A couple of years ago I gave a paper at a international conference. There had been an after-dinner talk - the first given by a woman at this meeting in its 30-year history. Afterward, a clump of chemists lingered by the elevators, dissecting the talk, when suddenly an older colleague blurted out that science was, he thought, "a grim life for a young woman." He went on to say that you could neither do enough science to be taken seriously, nor take adequate care of your children, so it is rather a lot of drudge work, without any chance of reward. I certainly had not found my life to be "grim" at all. I enjoyed what I did as a chemist and as a parent. I am a successful scientist - tenured, promoted, on a list of highly cited scientists - and had managed much of this while raising two young sons who seem to be turning out reasonably well. (My kids read about this in an essay published this month and my youngest was aghast that anyone would think that a scientist could not be a great Mom - who else has a mom that can help you extract DNA in your own kitchen). Let's just say that my adversary's response, "Well, la-di-da for you!" did not exactly encourage further serious discourse on the issue. I hate to say it, but he does have a point: and one that is supported by research.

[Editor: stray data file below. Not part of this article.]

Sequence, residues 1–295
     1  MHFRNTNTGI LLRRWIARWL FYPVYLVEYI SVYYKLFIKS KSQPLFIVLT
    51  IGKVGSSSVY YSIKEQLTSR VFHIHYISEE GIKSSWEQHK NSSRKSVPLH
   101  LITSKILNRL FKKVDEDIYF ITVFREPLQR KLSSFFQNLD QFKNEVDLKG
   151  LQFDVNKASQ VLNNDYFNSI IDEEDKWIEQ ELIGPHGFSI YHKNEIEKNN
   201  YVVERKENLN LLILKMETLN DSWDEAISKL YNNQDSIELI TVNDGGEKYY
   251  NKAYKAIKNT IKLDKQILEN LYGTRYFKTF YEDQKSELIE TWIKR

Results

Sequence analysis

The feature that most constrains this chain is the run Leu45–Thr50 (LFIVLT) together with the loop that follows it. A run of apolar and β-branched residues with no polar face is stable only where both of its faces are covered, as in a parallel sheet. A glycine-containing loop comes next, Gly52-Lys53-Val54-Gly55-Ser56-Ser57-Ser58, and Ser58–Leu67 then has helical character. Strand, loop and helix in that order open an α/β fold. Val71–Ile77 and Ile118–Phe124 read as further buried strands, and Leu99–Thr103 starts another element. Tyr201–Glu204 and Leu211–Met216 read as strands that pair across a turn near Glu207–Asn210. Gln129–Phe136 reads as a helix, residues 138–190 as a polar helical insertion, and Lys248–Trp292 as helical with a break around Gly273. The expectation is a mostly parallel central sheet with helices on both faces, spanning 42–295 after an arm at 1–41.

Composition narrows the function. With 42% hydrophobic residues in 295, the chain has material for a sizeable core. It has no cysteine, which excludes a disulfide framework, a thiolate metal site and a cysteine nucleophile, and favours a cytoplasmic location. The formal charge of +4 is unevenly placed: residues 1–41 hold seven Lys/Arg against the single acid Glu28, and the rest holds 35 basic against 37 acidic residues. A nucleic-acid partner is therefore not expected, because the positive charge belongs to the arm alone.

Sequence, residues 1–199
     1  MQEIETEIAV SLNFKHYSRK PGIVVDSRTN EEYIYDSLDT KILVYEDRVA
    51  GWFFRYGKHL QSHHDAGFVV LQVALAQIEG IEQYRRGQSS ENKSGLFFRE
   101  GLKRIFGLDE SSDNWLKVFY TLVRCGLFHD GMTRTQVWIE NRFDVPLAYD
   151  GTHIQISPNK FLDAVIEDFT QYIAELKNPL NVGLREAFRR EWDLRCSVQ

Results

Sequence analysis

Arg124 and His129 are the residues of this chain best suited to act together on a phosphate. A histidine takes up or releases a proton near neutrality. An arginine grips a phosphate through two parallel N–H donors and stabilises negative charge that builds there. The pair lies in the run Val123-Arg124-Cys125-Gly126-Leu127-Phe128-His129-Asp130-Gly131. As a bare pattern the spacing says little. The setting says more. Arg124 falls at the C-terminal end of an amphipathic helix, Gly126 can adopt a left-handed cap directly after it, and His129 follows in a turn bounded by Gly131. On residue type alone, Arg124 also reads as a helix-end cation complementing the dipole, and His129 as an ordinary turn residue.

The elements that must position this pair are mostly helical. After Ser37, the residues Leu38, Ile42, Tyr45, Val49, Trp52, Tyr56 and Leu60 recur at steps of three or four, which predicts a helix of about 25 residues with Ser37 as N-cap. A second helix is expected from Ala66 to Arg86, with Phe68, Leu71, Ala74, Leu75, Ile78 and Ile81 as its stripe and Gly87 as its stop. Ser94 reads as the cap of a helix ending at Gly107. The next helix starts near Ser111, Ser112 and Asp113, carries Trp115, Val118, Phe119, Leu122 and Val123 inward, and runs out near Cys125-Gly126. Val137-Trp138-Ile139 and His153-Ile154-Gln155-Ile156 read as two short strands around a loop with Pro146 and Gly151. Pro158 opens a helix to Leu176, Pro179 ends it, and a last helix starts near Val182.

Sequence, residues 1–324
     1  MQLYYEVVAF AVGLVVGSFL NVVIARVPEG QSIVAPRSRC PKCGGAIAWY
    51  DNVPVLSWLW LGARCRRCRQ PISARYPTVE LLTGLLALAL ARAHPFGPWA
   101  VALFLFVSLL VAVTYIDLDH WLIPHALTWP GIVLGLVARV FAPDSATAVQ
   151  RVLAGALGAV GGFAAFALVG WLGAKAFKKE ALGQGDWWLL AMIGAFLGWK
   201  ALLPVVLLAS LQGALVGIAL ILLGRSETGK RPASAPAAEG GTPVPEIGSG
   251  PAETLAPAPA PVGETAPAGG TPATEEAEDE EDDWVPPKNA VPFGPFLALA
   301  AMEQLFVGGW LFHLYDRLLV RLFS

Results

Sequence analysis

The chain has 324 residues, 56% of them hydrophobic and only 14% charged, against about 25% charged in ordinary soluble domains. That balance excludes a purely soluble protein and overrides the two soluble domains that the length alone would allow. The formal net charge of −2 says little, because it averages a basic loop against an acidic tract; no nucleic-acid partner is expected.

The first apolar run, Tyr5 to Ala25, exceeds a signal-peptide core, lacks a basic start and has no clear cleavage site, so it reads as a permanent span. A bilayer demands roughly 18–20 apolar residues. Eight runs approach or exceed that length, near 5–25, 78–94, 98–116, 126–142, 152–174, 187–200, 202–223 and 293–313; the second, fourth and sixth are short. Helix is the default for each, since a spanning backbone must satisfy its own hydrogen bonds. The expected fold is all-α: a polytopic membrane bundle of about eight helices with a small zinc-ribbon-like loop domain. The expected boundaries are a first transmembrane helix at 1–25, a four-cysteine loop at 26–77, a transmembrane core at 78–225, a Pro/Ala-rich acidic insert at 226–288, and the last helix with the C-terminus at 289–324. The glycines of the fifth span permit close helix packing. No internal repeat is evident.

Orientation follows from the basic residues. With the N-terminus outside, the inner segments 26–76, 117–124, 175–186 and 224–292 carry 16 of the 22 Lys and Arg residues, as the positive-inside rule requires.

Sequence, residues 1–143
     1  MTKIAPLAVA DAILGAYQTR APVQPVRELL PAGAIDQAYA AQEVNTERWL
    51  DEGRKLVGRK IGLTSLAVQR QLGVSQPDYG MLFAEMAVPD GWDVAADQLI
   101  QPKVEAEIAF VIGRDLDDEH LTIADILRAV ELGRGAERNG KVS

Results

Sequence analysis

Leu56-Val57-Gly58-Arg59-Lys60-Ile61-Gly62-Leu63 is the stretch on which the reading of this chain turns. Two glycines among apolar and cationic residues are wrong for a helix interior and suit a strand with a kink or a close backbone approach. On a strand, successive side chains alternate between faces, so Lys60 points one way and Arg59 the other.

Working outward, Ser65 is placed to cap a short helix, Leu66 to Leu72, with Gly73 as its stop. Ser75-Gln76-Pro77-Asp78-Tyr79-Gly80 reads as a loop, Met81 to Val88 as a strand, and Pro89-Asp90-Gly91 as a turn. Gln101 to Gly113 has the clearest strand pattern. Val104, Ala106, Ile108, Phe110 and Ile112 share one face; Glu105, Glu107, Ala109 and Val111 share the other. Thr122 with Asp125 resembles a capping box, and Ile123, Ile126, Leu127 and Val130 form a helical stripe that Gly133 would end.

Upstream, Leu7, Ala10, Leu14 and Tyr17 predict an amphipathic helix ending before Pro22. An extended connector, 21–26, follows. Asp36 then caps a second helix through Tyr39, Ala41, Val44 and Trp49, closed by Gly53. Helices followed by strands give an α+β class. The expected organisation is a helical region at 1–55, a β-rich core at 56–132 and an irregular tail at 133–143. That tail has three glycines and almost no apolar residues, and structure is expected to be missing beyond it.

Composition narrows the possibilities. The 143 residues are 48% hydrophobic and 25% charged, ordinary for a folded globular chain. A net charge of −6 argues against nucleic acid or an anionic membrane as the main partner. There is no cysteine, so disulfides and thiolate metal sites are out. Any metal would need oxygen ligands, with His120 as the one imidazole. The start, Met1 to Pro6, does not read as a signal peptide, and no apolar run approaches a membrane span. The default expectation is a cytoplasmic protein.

The National Survey of Faculty, based at Penn State, compared men and women in the fields of chemistry and English, noting that in both fields at any rank, at any type of institution, women faculty are less likely then men to be married or in committed relationships. The average number of children per woman faculty member is also substantially lower - again regardless of discipline, rank, or type of institution. The survey's authors attribute this directly to "bias avoidance behaviors" in women. Research has shown that time = papers, i.e. productivity (as measured by number of publicationss) is strongly correlated to the number of hours invested in research [M.R. Nakhaie "Gender differences in publication among university professors in Canada" Canadia Rev of Sociology and Anthropology 39 (2): 151-179 May 2002].